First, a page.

Lord God Bird
Starz Denver Film Festival
Directed by George Butler

Hell, it wasn’t just grown men crying at the thought of seeing an ivory-billed woodpecker. I cried too, for all the times that some piece of land where I used to wander had been developed, for the fact that I’ll never see a flock of passenger pigeons darkening the sky.

And please understand, the men crying in these movies are hunters, backwoods types, comfortable traveling through swamps where they could float past a crocodile in their canoe. They know the area so well they “have the trees named.” (I think I saw one female researcher in this movie.)

Butler must like tough guys—his first movie was Pumping Iron, which made Arnold Schwarzenegger a star. His next movie will be about Bengal tigers in the Sundarbans (India), which he says are quickly going extinct. He hopes Lord God Bird will draw attention to the problems of extinction.

This movie is thick with the politics of ornithology. Who’d have thought there was such a thing? But in the mid-twentieth century, saying you’d seen an ivory-billed woodpecker was death to your career.

It opens with John Dennis, Jr., son of a man who said he saw the ivory-bill in the 1960s and was mocked for it. Everyone thought it had gone extinct in the 1940s.

John Dennis, Sr., became obsessed with proving himself and kept going to the Big Thicket in Texas year after year. One year he made a recording of the call, which sounds like a cartoon character saying meep, meep, and sent it off to the Cornell Lab of Ornithology to compare to their 1944 recording. They dithered around and then eventually implied he’d somehow made a copy of the 1944 recording of the bird’s call.

To his son, the search for the ivory-bill is the “search for a lost part of American heritage” and also a chance for him to vindicate his late father.

Even if you’re not a birder or would shoot a woodpecker as soon as look at it, go see this movie for the landscapes and their light. Most Americans won’t get a chance—or wouldn’t be caught dead—floating through cypress swamps, but they do make for great armchair traveling. The cinematography is stunning.

There’s so much more I could say about this movie. I could tell you about all the reported sightings, about the lone female ivory-bill calling and calling with no answer, about the men crawling up trees and vacuuming debris out of holes in the hopes of finding a feather, about the Singer Tract and the airport in the Florida panhandle that will destroy habitat (in which ivory-bills might live), about the trays and trays of dead ivory-bills shot for museum collections in the nineteenth century.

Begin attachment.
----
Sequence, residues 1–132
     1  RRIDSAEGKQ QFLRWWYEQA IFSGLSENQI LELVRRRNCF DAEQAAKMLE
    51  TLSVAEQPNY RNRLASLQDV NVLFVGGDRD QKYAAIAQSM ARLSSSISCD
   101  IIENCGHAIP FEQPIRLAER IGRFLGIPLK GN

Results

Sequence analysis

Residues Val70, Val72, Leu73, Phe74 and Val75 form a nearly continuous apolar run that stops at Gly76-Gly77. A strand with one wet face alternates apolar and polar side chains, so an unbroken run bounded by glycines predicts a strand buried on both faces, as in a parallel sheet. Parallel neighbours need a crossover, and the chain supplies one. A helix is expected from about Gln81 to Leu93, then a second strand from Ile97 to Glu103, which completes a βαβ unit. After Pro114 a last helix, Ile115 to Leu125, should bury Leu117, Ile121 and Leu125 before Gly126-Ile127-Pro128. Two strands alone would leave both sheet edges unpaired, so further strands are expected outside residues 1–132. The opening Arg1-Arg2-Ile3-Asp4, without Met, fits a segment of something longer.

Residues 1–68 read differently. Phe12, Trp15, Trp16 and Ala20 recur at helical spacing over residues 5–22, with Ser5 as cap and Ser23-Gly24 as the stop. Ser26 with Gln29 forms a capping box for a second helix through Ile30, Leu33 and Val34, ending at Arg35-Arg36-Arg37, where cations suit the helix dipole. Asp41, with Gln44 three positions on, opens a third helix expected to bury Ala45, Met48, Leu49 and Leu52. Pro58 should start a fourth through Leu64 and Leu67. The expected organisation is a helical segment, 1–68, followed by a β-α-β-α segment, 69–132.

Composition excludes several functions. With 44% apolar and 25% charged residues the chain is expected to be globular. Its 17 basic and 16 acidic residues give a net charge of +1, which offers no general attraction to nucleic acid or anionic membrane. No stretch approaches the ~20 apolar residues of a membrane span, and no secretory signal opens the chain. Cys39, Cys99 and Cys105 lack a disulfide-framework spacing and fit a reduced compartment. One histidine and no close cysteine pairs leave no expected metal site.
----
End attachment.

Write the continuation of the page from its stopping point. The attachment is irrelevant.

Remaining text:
But I’ll leave you with the final image of the movie: a big man covered in shredded camouflage, sitting at the base of a huge cypress, his ivory-bill decoy moving back and forth above him, calling. He sits there, and he listens.

Best quote from a movie so far
“Get on the pecker bench.” (Florida)

Bird continuity
Count Basie’s band used to play at Birdland.

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Leave A Comment

  1. BernardL November 21, 2008 at 3:51 pm - Reply

    I’m for conservation as long as we all remember we’re part of nature too. Many times when they decimate cities and industries with a fiasco like the spotted owl mess years back, people adapt with cruel efficiency. When they spotted the spotted owl, it was shot and buried deep. Survival is a rough mother.

  2. Beth Partin November 21, 2008 at 4:00 pm - Reply

    Yeah, there’s a lot of that shoot-first mentality around, and I think the government contributed to it by being heavy-handed. Have you heard of the Safe Harbor program? It was designed by Environmental Defense and now there are millions of acres enrolled in it. It gives landowners a measure of security–if they agree to take certain measures to improve habitat on their land, then they won’t be penalized if endangered species show up after the agreement is signed.

  3. Amber's Crazy Bloggin' Canuck November 22, 2008 at 4:09 pm - Reply

    Beth, I have to tell you that your left-hand column completely covers up your top entry every time I come visit so I can’t read it. This hasn’t happened on any other blogs so I’m wondering what the deal is with the formatting?

  4. Beth Partin November 22, 2008 at 4:19 pm - Reply

    Amber, I’m not sure what the problem is. It doesn’t appear that way on my desktop or my laptop. My husband checked it in Firefox and Safari and it looked fine. Are you using Internet Explorer to read my blog? Maybe that’s the problem?